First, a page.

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Speed Development For Distance Runners

  • By Jeff Gaudette
  • Published Dec. 23, 2013
  • Updated Dec. 23, 2013 at 5:32 AM UTC

Learn how working on your top-end sprinting speed can help make you a better marathoner. 

As training theory continues to evolve, coaches and exercise scientists are continuing to uncover more effective and efficient ways to train and get results at long distance racing. In particular, coaches now understand the importance of speed development (recruiting maximum muscle fibers per stride, developing neuromuscular coordination, and improving efficiency) – even for long distance runners, who race at paces far slower than their top-end speed.

In fact, if you’re a runner who focuses on racing the half marathons and marathons, speed development is even more important than you may realize.

Most marathoners devote a vast majority of their training to logging lots of miles and performing challenging threshold runs, which, of course, are critical components to running your best at the 26.2-mile distance. As a result, most marathoners may go years without running faster than 5K pace in training. Consequently, they lose their ability to generate explosive muscle power, which results in the decline of running efficiency and economy and, eventually, form starts to break down. This loss of speed is even more pronounced with age, as studies show speed is the first of your abilities to deteriorate as you get older.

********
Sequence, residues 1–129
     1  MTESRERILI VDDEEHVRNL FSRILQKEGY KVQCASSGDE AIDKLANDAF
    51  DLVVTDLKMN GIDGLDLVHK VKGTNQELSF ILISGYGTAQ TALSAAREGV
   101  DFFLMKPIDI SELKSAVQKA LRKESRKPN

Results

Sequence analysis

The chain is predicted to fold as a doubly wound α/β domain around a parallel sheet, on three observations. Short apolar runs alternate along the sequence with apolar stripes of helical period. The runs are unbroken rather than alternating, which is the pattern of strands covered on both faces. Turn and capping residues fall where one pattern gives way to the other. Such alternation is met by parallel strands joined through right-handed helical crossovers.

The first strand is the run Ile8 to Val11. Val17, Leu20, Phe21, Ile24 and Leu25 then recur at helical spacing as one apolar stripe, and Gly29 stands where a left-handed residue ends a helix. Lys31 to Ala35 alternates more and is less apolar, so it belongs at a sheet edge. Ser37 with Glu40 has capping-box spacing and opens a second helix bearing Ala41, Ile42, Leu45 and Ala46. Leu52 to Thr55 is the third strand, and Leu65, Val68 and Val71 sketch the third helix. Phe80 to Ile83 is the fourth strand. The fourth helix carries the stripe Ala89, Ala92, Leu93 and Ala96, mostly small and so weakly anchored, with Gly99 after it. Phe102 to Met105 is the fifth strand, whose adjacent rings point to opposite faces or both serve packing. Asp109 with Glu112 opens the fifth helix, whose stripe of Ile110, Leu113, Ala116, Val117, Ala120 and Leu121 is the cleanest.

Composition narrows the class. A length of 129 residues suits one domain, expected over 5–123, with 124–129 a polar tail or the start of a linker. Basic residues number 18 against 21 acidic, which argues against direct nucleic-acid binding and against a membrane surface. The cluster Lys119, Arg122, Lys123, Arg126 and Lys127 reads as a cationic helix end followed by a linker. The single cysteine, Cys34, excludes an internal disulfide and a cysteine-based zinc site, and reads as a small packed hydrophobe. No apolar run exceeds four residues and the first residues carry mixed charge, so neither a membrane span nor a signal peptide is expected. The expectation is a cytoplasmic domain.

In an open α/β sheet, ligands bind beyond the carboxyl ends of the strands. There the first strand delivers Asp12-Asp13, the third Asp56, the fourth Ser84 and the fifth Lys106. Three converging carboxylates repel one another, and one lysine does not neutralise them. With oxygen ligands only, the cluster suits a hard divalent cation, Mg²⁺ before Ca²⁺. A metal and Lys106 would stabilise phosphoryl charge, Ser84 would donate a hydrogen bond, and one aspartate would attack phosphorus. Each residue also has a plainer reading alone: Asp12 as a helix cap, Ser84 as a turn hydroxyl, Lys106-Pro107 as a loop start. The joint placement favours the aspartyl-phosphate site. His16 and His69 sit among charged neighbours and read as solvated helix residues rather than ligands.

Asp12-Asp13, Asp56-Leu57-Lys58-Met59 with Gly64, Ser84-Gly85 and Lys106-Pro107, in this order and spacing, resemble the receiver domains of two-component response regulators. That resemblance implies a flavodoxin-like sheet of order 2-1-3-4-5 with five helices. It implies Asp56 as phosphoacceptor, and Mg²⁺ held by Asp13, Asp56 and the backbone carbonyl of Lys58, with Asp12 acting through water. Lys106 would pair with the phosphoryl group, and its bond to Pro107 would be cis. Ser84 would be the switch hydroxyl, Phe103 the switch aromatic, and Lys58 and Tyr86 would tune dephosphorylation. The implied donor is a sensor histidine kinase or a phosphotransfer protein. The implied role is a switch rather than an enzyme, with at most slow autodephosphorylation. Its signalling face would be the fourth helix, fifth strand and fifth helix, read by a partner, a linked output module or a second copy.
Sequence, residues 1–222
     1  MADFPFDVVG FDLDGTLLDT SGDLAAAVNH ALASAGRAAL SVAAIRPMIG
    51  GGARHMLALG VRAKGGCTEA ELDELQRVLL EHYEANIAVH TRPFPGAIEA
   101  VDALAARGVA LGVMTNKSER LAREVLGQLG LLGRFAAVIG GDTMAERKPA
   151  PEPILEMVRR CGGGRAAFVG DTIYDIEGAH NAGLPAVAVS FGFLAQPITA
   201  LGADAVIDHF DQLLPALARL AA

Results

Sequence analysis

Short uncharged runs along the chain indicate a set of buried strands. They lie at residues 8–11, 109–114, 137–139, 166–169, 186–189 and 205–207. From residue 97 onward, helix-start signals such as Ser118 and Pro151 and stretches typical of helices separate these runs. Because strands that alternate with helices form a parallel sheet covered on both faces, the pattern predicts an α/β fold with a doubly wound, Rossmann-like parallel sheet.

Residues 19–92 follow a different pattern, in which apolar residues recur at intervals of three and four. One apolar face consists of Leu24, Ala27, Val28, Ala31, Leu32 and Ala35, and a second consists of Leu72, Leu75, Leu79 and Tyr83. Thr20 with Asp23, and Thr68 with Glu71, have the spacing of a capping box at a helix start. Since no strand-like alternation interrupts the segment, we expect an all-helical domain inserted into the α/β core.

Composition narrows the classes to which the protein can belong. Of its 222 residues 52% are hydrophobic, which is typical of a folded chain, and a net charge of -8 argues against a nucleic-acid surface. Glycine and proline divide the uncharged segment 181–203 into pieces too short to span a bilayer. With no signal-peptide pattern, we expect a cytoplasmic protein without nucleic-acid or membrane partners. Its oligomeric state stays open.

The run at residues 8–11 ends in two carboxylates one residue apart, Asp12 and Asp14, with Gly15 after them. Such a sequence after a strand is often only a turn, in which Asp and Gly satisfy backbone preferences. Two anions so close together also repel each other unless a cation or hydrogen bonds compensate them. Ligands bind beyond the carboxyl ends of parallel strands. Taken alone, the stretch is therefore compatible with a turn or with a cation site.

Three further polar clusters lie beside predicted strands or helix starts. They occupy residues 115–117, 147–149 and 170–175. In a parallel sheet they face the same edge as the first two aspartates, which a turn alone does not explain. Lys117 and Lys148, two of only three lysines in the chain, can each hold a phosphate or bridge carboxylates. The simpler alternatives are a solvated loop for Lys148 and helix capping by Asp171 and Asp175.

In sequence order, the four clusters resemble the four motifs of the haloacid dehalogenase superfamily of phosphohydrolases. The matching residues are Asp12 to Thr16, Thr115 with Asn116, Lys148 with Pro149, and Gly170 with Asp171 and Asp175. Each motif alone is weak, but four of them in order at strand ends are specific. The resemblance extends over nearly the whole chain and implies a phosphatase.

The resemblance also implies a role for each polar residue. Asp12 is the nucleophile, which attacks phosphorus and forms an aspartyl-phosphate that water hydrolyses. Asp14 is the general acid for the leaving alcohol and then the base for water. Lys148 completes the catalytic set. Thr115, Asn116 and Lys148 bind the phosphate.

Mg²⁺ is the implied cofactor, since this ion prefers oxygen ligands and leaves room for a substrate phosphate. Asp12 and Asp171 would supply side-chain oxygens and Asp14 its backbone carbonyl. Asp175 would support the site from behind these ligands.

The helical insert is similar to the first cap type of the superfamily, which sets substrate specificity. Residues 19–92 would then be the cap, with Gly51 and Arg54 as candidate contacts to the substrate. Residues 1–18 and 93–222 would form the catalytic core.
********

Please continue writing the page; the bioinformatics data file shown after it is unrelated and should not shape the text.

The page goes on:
RELATED: Become A Faster Miler To Become A Better Marathoner

Therefore, in order to guarantee long-term progress in running, it’s important you incorporate regular speed development work in your training. Over the following pages we’ll explain the difference between speed development and traditional speed work and show you how (and when) to implement speed development work into your training schedule.

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Jeff Gaudette

Jeff Gaudette

Jeff has been running for 13 years, at all levels of the sport. He was a two time Division-I All-American in Cross Country while at Brown University and competed professionally for 4 years after college for the Hansons-Brooks Distance Project. Jeff's writing has been featured in Running Times magazine, Endurance Magazine, as well as numerous local magazine fitness columns.

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